John Veon is a PhD student in the Graduate Group in Ecology at the University of California, Davis and is co-advised by Dr. John Eadie and Dr. Daniel Karp. In 2018, John received his BA in Biology from Hendrix College in Conway, Arkansas. Here, John conducted his first independent study on the effects of anthropogenic noise on waterfowl behavior. In 2021, John received his MSc in Biology from the University of Arkansas in Fayetteville, Arkansas. During this time, John was also a member of the USGS Arkansas Cooperative Fish and Wildlife Research Unit. John’s thesis studied long-term trends in mallard (Anas platyrhynchos) body mass dynamics in the Lower Mississippi Alluvial Valley. Aside from training in wildlife research from his academic career, John also is a lifelong waterfowl hunter and fisherman and has first-hand experience managing a wide array of wildlife habitat while working for state agencies like the Arkansas Game and Fish Commission.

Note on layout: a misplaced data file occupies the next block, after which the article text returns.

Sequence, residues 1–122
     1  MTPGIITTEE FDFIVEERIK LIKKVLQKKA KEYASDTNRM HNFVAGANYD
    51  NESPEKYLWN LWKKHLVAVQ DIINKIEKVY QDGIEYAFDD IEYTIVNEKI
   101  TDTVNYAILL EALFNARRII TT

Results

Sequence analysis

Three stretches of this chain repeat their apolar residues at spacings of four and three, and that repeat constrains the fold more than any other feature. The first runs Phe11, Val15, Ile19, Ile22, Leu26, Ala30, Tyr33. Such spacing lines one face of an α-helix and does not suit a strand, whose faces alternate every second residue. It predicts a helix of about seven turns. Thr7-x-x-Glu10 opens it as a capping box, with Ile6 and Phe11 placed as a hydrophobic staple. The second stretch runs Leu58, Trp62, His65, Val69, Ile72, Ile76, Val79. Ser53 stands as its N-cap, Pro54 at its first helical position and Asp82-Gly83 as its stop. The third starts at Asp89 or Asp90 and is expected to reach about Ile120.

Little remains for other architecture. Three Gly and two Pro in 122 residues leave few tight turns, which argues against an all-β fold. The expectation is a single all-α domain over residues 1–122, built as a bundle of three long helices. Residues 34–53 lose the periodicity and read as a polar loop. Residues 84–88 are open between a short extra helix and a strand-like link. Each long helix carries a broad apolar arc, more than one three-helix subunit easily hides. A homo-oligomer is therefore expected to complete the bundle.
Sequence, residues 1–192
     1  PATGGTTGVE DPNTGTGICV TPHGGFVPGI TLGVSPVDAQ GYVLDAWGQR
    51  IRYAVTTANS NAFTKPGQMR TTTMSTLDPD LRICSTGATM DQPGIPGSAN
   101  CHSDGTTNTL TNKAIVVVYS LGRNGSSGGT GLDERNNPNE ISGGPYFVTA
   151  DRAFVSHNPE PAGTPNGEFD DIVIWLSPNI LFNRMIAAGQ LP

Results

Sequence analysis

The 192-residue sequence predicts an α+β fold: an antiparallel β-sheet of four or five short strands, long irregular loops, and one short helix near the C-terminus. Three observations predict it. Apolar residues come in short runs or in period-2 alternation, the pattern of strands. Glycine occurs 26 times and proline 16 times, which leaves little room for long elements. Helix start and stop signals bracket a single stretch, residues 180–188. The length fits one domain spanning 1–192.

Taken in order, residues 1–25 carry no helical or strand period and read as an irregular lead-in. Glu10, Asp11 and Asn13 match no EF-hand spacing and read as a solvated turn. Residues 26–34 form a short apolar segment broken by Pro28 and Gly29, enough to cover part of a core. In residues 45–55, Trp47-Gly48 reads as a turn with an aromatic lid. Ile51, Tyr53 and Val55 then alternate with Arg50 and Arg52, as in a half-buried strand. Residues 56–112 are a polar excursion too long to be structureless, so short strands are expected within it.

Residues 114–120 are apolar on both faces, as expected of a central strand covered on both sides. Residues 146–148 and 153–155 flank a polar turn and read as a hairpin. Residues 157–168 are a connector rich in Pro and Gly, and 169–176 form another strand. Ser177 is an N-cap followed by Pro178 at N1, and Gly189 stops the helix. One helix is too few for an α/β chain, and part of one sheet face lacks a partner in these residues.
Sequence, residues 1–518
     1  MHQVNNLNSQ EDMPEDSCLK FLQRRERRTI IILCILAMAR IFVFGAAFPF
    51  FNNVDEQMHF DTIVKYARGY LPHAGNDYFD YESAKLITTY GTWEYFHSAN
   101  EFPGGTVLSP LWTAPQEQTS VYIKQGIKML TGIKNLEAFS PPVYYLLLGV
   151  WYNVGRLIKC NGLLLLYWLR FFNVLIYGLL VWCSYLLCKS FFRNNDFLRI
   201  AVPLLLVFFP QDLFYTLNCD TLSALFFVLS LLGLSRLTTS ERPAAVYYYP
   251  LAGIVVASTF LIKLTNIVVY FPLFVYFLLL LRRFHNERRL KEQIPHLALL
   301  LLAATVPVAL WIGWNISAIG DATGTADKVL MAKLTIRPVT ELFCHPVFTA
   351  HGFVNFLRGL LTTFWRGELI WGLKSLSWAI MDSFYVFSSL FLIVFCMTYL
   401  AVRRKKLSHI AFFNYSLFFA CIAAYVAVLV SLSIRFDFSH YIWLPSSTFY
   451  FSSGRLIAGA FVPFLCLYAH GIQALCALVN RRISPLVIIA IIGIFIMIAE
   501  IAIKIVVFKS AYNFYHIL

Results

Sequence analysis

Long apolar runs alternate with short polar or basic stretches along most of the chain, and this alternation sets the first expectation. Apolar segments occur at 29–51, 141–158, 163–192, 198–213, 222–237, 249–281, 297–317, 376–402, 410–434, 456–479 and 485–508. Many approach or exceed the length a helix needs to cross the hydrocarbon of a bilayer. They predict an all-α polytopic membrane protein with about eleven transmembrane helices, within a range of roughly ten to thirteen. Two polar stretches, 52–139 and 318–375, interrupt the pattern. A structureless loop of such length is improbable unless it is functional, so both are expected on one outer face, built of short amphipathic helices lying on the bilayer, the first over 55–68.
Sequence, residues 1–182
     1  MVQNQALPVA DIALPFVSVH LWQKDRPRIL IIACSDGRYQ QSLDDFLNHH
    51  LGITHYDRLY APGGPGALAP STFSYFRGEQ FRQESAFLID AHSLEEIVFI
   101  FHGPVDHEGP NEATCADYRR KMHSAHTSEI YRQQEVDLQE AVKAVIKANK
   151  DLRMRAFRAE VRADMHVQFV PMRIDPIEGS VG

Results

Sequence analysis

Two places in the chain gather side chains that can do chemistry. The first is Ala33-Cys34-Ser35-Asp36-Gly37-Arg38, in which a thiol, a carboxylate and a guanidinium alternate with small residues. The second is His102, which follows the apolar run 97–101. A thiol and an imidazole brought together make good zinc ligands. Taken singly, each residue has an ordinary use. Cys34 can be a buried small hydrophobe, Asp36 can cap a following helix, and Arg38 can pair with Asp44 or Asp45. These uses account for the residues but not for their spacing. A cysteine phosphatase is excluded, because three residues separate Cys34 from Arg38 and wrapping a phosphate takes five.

John is broadly interested in using fundamental ecological theory to unravel how wildlife respond to management techniques within working landscapes. Specifically, John is interested in researching sustainable ways to conserve and protect wetland ecosystems and the wildlife species that use them. At UC Davis, John is experimentally investigating differences in hydrological management techniques in large wetland units in the Central Valley to better understand how management may better regulate mosquitos – pests that facilitate disease transmission to humans and livestock here in California. Specifically, John plans to investigate how hydrological techniques may influence the predator-prey dynamics between macroinvertebrates and mosquitos, the trophic flow of energy in wetlands (through food resources such as macroinvertebrates and moist-soil seeds), as well as other wetland ecosystem goods and services. Ultimately, John hopes to use applied ecology, combined with his background as an outdoorsman, manager, and academic researcher, to develop feasible management techniques for land managers to conserve wetland ecosystems in the face of a rapidly urbanizing landscape.